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Seeking the Rhymer's gift

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This story is No. 1 in the series "The Rhymer's Gifts". You may wish to read the series introduction first.

Summary: See you not that bonny road that winds about the fernie brae?

Categories Author Rating Chapters Words Recs Reviews Hits Published Updated Complete
Miscellaneous > Myths & LegendspythiaFR711,1932371828 Jul 1028 Jul 10Yes
Timeline: Post Chosen

Notes:  I was playing with images for my Summer of Giles postings over on Live Journal, and I managed to create a picture that was pretty and fun but didn't make much sense unless there was a story behind it.  This is that story (and you can find the picture at the end of it, where it belongs.)

Disclaimer: Giles and Buffy and all things in the Vampire Slayer's world belong to Joss and not to me. Thomas' story has long been in the public domain - long enough to pass into folklore and myth. Thomas Rimor de Ercildoun was a real person back in the 1260s. I don't make any claim to owning him, either.

“I don’t like it. It’s just too risky. What if …?”

“We have no alternative, Buffy. If we want to get agreement to this treaty, we have to be able to demonstrate our sincerity – and you know perfectly well that the Adarax will pick up on any hint of deception or intent to mislead. Their ability to see through illusions, identify fakery and recognise the spoken truth is one of the reasons we want the treaty in the first place.”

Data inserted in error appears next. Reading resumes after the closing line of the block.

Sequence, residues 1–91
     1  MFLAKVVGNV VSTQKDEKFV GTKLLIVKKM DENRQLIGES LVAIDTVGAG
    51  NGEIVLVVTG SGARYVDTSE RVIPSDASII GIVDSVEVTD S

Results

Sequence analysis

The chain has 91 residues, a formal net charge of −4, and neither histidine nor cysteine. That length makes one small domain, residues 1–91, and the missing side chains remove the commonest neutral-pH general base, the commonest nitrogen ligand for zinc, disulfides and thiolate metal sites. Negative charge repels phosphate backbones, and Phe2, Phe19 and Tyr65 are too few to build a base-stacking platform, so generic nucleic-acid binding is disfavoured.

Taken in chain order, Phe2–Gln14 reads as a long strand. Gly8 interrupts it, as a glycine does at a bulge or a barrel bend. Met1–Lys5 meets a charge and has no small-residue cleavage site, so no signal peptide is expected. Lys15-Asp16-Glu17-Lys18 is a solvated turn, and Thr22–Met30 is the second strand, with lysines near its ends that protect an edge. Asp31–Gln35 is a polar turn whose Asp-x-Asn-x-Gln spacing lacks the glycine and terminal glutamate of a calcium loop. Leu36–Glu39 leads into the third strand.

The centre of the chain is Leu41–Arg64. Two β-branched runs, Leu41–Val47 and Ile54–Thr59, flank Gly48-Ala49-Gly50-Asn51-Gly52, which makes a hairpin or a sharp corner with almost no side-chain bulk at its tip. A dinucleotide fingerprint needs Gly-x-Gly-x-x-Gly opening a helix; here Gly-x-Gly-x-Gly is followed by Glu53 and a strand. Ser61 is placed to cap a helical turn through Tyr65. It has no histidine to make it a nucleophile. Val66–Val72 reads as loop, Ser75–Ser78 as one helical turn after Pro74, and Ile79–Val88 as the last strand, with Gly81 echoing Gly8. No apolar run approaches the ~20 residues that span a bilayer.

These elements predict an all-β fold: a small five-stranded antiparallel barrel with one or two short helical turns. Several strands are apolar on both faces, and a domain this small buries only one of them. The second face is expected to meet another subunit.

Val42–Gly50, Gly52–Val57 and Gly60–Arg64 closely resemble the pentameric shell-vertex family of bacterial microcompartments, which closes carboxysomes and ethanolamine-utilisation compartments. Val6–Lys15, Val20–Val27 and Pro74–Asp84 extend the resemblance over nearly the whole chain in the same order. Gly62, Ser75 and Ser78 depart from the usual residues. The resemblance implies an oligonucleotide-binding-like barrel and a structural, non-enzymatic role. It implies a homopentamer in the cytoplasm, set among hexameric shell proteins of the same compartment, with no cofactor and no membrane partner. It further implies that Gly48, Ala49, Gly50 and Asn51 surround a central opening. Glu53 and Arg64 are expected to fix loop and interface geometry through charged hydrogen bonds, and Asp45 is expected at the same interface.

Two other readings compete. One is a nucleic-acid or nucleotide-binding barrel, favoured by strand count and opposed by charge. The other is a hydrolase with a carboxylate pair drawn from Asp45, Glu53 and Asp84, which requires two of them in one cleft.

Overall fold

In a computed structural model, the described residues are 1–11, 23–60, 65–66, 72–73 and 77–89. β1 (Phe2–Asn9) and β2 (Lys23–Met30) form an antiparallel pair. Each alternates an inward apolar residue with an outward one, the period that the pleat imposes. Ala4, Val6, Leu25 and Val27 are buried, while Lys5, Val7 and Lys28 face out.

“Yeah, I know – but isn’t there any other way of doing this? A spell, a potion – something temporary? And why you? Couldn’t we have sent … oh, I dunno – Andrew, or someone else expendable?”

“Well, I’m – somewhat ... flattered that you think I’m not, but – really, Buffy. Andrew? Can you imagine it?”“Of course I can. It would cure him of all his fantasies, for a start.”

“It would drive him insane. And that’s on the premise that he’d be able to complete the task in the first place. He doesn’t fulfil the conditions – and in this particular case, those conditions are vital to the success of the undertaking. The Adarax aren’t going to be convinced by a temporary spell, or a potion – from their perspective using either would simply evidence an attempt to deceive. We’ve tried to negotiate – and it’s a tribute to the skills and integrity of the team involved that we’ve got as far as we have. But for that final signature on the dotted line, we have to have some who will speak for us with a tongue that cannot lie.”